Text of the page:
Skip to Content



December 2008

ForwardText size:
Back to the index page

Nipping in the Bud - Establish a Biodiversity Database based on GIS

1 of 3
Bright and colorful, Pitta brachyurs is a rare species globally protected.
In recent years, the distribution of butterflies and birds of Taiwan has been gradually spread toward high elevation areas. This is actually just a piece of the panorama of global ecological changes. More and more evidence has shown that global warming is the chief culprit to this ecological shock. Both the movie “The Day after Tomorrow” and “An Inconvenient Truth” bring the gravity of this problem up before the viewers.
Facing the Issue of Climate Changes
Despite the skepticism about its gravity, global warming has become a non-negligible fact, posing substantial impacts on current ecosystems, including apparent vicissitudes of biological communities, changes in the flowering periods of plants, vanishing of species and changes in their distribution, invasions of alien species, etc. These changes will ultimately affect the food chain and biodiversity, leading to a badly damaged ecosystem.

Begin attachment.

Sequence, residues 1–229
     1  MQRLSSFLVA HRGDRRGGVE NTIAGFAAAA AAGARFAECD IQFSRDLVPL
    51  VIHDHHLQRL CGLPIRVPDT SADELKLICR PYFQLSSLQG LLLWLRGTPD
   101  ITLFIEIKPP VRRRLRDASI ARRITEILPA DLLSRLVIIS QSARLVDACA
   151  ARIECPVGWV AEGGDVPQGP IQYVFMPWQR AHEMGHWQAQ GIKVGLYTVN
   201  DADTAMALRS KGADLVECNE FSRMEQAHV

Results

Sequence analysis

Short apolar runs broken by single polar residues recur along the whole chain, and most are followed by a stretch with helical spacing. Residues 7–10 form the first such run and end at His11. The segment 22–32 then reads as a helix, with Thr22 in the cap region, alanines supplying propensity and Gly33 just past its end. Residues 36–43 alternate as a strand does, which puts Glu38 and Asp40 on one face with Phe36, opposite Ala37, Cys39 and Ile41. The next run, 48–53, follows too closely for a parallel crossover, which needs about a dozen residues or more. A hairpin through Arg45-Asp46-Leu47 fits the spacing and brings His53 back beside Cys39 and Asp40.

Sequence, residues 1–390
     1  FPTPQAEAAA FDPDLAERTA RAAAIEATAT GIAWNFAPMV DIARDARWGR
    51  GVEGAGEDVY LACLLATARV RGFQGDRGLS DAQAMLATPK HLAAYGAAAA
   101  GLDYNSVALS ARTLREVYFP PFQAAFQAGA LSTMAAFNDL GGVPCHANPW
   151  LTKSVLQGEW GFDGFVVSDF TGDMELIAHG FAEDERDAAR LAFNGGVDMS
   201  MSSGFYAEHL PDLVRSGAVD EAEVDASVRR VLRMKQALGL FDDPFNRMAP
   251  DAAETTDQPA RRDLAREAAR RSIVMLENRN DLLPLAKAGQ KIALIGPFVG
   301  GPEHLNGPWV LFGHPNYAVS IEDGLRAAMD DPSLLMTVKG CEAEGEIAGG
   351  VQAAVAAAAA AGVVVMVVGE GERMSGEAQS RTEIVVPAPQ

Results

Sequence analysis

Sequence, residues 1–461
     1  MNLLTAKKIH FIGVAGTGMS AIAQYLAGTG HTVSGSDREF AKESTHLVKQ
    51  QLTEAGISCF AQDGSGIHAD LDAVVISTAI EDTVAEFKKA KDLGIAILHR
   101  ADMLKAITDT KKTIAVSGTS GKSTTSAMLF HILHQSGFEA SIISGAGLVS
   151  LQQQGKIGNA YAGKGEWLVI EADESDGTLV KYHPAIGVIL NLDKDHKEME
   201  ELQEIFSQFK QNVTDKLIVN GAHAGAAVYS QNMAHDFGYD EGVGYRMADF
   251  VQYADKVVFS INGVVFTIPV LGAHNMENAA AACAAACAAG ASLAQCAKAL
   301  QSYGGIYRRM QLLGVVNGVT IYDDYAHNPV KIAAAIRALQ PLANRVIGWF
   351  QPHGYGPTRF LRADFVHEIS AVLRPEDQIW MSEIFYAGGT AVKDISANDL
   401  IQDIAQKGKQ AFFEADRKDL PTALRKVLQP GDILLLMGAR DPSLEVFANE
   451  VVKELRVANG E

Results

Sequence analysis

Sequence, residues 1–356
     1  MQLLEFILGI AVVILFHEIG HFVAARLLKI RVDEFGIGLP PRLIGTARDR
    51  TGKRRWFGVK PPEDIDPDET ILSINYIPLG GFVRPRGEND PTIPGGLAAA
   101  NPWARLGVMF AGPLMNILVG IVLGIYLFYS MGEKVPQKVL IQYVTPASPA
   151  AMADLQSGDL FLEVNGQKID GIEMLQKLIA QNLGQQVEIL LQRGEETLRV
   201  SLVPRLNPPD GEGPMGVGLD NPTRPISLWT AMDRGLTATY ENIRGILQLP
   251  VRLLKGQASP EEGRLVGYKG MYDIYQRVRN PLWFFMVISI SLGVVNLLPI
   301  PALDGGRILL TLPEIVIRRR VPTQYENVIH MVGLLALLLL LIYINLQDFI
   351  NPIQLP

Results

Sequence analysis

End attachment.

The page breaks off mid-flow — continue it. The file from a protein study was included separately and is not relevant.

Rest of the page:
In other words, climate changes strike biodiversity, which in turn affects the climate. This has currently become a weighty global issue. As a member of the global village, what can Taiwan do to help mitigate the shock? Director of the Institute of Ecology and Evolutionary Biology, NTU, as well as the host of the Spatial Ecology Lab, Prof. Pei-fen Lee suggests, “[I]t is urgent to establish a biodiversity database in Taiwan as the basis for domestic environmental policies.”
Indeed, scientific figures are required when formulating environmental plans and policies. Furthermore, these data can be accumulated, compared and circulated to maximize their benefit. Yet Taiwan is relatively behind in this aspect.
Prof. Lee recalls back in 1978, as a college student doing animal field surveys, he had to take and use forms and maps separately. It was until his studying abroad did he learn the GIS technology and the concepts of digitalization and spatialization of data.
  • upper: Bright and colorful, Pitta brachyurs is a rare species globally protected.

Interview & Text/ Jia-jyun Lan
Special thanks/ Prof. Pei-fen Lee
Translator/ James Chang

Back to the index page